October 25, 2013

A Tool For The Ruling Class To Plunder

It’s Friday desk clearing time for this blogger. “Portland is easing into the real estate market’s slower months, and prices and sales volume are falling as a result. ‘The first half of the year was such an active market that I’m not sure we could have continued on that trajectory,’ said Jason Waugh, president of Prudential Northwest Properties. ‘You’re talking double-digit appreciation in every category across the board. Quite frankly, that’s what happened in ‘03, ‘04, and ‘05, and look at what happened.’”

“‘Phoenix has slowed down a little bit over the last two or three months,’ said Floyd Scott, owner of the Arizona Foothills franchises of Century 21. ‘The inventory has been creeping up, and that’s dampened price increases,’ Scott said, and added that multiple bids evaporated two months ago. ‘There may also be some resistance to higher prices.’”

“In Southern California, the frothy run-up of earlier this year has similarly slowed in the second half, reversing the usual seasonal trend, according to a Realtor. ‘The market has cooled off some,’ said Tom Adams, owner of Century 21 Adams and Barnes, in Glendora and Monrovia. Adams said there has also been a marked slowdown in Chinese investors’ interest in area real estate, which had been brawny through the spring. Rapid price escalation has played a part in that, he said. ‘Interest rates ticked up a little bit, prices have gone up and consumer confidence has dropped,’ Adams said. ‘Our first-time buyers are being hit by rising prices and interest rates, and the strictness of the mortgage qualification system is still squeezing a lot of people out.’”

“People who are shopping around for a condo unit to buy in Toronto have lots to choose from these days. ‘There’s a lot of inventory to choose from,’ says real estate agent Christopher Bibby. Mr. Bibby points to the example of the coveted DNA lofts at King and Shaw. In the past, agents would set an offer date and wait for multiple bids. Last spring a one-bedroom plus den was listed with an asking price of $379,000. It sold after four days for $420,000. More recently Mr. Bibby says, a unit with the identical layout was listed for $399,000. It sold after two-and-a-half weeks on the market for $10,000 below asking. ‘I feel the buyers are in the driver’s seat right now,’ Mr. Bibby said.”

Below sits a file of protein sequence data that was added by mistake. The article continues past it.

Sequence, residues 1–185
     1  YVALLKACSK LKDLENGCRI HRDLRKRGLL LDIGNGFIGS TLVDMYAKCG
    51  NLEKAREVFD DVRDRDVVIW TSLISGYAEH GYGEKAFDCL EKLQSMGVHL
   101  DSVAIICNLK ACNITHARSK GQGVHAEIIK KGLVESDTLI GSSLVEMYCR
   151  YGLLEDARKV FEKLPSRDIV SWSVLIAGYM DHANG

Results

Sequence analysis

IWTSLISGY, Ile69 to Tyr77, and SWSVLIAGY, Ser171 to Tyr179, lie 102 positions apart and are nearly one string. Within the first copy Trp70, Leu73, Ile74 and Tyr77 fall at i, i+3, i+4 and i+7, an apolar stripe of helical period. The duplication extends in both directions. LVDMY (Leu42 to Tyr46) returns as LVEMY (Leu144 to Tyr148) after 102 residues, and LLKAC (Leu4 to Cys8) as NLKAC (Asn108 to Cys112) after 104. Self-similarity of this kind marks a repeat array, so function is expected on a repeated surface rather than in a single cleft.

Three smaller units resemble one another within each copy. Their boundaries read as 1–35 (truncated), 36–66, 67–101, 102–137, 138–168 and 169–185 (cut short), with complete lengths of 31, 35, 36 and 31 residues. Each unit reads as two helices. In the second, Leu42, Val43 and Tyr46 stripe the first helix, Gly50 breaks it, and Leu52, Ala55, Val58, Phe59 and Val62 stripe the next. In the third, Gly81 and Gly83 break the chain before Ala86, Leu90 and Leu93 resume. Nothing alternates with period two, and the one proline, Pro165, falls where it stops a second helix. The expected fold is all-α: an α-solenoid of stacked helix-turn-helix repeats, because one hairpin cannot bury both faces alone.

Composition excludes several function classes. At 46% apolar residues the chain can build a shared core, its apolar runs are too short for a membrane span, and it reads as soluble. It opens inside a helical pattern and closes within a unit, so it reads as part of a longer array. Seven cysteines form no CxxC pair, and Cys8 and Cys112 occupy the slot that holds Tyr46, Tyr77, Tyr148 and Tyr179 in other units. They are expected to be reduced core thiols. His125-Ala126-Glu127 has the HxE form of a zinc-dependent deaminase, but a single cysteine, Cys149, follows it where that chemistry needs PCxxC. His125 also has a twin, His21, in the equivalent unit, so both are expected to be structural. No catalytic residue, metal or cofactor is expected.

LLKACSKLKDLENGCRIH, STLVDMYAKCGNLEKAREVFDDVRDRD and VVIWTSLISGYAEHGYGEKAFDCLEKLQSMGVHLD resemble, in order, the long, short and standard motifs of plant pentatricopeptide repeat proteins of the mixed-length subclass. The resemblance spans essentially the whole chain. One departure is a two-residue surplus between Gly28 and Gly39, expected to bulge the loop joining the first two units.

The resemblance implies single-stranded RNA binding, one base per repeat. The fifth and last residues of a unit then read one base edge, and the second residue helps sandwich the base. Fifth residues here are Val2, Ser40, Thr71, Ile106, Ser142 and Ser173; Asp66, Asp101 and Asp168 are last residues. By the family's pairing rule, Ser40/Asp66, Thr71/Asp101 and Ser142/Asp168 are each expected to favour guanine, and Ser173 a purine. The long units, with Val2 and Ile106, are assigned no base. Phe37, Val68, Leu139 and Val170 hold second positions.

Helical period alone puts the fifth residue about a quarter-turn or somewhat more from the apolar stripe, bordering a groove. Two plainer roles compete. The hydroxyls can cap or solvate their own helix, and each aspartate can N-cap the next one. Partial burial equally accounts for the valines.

“Real estate agents witnessing the strongest spring in a decade say it’s no surprise Sydney prices have surged. While property owners will be happy to see the value of their homes increasing, Australian Property Monitors senior economist Andrew Wilson warned the party may not last. ‘We are now getting a flood of listings from sellers who want to take advantage of these strong conditions,’ he said.”

“In ‘China’s Housing Bubble Born to Burst,’ a well known Chinese financial commentator and columnist states that the communist regime’s totalitarian economic system will cause an impending economic crisis in China. Niu Dao is an award-winning blogger who is a financial commentator on the state-run CCTV, a consultant to Essence Securities, and a teacher at Tsinghua University. His post on Sept. 26 warns that the coming crisis will bring disastrous consequences.”

“In a subsequent Oct. 8 article, which was deleted from the website Sina shortly after it was published, Niu explained that the Chinese people’s human rights are not protected at all under the communist totalitarian regime. In a sense, the Chinese people are not citizens, but veritable ‘residents’—they are nothing without a dwelling. That is the main reason why the Chinese Communist Party (CCP) dares to magnify the housing bubble indefinitely, and why the Bank of China dares to print money wantonly, Niu wrote. The housing bubble has become a tool for the ruling class to plunder national wealth.”

“In the over 20 years since Japan’s asset bubble burst, it has had 13 different prime ministers. For China, Niu wrote, it won’t be an issue of a change of prime minister, but rather the fall of the regime. China’s bubble is even bigger than Japan’s bubble was back then, according to Niu.”